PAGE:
Respect Life in ministry

October 11, 2011

The Archdiocese of Galveston-Houston, along with Catholics across the nation, observe Respect Life Month in October. 

During Respect Life Month, Catholics are asked to pray and reflect on our commitment to witnessing a culture of life in our society and promote the transcendent nature of the human person and respect for human life from conception to natural death.

The theme for this year’s Respect Life program comes from Jesus’ words: “I came that all might have life and have it to the full.”

“Catholics must not shrink from the obligation to assert the values and principles we hold essential to the common good, beginning with the right to life of every human being and the right of every woman and man to express and live by his or her religious beliefs and well-formed conscience,” Daniel Cardinal DiNardo, chair of the U.S. Bishop’s Pro-Life Committee, said in a statement marking respect life month. 

The Texas Catholic Herald asked some of the Archdiocese’s ministries to share the many ways they advocate respect for life in their daily work.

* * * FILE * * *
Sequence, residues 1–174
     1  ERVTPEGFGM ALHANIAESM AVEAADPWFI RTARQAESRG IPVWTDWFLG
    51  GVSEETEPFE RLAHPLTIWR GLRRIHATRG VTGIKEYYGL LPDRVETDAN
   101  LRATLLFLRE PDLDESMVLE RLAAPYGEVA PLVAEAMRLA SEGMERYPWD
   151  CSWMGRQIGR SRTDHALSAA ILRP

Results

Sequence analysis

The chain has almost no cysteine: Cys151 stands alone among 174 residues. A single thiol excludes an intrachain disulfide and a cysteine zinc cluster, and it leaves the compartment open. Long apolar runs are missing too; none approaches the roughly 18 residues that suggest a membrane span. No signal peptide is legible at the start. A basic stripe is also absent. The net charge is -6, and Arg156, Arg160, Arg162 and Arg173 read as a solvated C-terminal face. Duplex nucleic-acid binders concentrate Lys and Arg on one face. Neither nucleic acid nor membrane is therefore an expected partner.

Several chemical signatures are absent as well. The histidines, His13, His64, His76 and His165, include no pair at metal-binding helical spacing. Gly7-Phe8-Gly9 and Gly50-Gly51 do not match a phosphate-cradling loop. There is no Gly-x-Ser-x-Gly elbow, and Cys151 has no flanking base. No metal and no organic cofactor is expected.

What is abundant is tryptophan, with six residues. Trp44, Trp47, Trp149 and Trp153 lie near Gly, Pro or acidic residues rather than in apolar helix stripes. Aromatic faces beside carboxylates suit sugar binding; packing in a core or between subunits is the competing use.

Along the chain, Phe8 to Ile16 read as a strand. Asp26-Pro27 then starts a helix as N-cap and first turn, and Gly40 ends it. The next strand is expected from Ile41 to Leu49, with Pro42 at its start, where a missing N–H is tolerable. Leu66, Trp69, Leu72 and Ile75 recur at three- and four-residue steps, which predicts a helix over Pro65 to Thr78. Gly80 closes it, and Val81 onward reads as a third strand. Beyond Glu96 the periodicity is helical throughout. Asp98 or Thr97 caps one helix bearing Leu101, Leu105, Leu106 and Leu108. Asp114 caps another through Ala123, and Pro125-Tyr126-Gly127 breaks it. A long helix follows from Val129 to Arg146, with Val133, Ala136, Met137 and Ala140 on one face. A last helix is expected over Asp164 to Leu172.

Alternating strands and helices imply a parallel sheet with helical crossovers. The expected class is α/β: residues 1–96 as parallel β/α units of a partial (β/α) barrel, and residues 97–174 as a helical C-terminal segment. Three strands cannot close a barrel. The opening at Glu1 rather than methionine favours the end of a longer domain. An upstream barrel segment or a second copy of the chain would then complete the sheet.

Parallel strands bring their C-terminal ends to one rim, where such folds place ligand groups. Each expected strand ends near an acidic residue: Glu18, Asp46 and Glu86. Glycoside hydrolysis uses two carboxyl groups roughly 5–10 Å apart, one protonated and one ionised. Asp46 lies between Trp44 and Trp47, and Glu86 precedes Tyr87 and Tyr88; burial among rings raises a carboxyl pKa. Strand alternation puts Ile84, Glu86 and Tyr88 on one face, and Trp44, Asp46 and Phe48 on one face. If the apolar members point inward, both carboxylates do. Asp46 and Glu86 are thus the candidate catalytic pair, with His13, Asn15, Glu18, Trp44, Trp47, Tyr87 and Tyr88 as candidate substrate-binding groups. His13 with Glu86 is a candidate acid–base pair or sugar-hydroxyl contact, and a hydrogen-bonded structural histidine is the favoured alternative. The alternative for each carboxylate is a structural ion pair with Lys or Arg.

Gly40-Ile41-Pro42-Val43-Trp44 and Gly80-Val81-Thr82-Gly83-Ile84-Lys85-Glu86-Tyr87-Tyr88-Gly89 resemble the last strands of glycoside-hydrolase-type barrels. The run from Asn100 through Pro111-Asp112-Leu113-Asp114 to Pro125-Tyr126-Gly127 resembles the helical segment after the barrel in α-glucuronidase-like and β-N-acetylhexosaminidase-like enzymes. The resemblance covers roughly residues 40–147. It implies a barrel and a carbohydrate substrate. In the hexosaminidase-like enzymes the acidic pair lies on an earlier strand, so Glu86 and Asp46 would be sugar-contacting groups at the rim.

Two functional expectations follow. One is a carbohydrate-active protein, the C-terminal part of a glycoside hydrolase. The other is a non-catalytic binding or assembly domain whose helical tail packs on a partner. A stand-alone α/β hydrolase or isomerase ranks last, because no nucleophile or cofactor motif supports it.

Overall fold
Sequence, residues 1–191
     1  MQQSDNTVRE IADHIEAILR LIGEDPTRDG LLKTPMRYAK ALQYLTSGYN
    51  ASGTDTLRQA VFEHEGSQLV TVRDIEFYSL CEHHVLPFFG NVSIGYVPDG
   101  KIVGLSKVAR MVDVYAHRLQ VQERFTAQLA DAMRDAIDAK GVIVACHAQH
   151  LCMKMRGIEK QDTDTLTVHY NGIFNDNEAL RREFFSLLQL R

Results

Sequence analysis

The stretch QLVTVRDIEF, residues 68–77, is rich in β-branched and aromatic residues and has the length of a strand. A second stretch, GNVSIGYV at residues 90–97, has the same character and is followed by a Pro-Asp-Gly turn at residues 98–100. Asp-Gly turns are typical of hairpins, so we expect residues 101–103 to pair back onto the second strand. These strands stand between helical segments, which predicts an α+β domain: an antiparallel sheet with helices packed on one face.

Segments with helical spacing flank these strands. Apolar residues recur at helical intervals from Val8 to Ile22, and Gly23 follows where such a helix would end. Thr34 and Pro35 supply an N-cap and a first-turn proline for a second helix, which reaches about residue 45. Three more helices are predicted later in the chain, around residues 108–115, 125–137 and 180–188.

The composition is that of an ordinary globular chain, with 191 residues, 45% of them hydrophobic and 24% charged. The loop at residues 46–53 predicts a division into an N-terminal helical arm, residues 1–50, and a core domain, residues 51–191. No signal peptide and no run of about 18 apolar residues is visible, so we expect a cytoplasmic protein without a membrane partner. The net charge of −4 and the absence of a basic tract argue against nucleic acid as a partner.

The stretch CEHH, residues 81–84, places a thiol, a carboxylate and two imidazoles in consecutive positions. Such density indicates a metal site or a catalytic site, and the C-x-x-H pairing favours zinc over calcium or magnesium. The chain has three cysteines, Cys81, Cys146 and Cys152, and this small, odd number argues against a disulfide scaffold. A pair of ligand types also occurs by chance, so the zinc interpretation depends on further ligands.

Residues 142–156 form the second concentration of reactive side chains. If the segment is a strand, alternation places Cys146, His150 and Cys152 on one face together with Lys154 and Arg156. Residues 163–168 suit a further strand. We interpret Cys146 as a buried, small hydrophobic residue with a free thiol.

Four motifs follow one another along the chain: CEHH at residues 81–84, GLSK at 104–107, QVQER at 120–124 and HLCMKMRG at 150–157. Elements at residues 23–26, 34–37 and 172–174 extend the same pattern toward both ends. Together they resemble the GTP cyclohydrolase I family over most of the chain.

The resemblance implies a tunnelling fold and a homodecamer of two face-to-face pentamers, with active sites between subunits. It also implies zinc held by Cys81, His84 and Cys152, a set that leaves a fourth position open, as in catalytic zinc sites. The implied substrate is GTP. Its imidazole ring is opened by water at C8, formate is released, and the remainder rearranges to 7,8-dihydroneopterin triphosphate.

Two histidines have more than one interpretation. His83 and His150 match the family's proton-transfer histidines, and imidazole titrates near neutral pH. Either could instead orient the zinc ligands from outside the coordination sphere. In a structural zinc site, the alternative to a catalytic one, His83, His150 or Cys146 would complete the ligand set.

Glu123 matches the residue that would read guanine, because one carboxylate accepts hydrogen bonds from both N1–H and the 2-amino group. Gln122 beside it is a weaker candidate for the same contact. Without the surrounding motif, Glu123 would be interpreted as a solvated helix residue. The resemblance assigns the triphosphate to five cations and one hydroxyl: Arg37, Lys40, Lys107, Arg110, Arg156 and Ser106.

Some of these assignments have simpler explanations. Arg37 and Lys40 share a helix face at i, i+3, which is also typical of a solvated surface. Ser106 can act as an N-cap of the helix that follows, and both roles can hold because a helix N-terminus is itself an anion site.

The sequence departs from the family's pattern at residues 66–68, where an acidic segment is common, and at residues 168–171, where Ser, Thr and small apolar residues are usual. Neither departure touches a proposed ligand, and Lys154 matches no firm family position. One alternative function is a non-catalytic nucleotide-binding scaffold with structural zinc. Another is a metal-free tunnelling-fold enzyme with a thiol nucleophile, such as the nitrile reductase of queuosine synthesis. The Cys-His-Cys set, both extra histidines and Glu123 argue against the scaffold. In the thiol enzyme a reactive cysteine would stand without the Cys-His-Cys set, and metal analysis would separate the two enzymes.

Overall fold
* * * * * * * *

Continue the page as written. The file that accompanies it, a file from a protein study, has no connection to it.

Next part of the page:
The Gabriel Project

Denise Angel, a Gabriel Project phone volunteer, isn’t just a witness of God’s love but one who has also lived it.

Angel was born in 1965 and from the beginning was a “testament to the power of God’s love and infinite wisdom,” Angel said. At 5 and a half months into her pregnancy, Angel’s mother was advised to have an abortion because of health reasons. All throughout childhood doctors told Angel’s mother that Angel would not survive to see her teen years.

“At each milestone birthday that I was ‘supposed’ to have died, there I was, and there she was, telling me all along how she had dedicated me to the Blessed Virgin and teaching me the basic tenants of our Catholic faith. She never let me forget I was a child of God first and foremost.”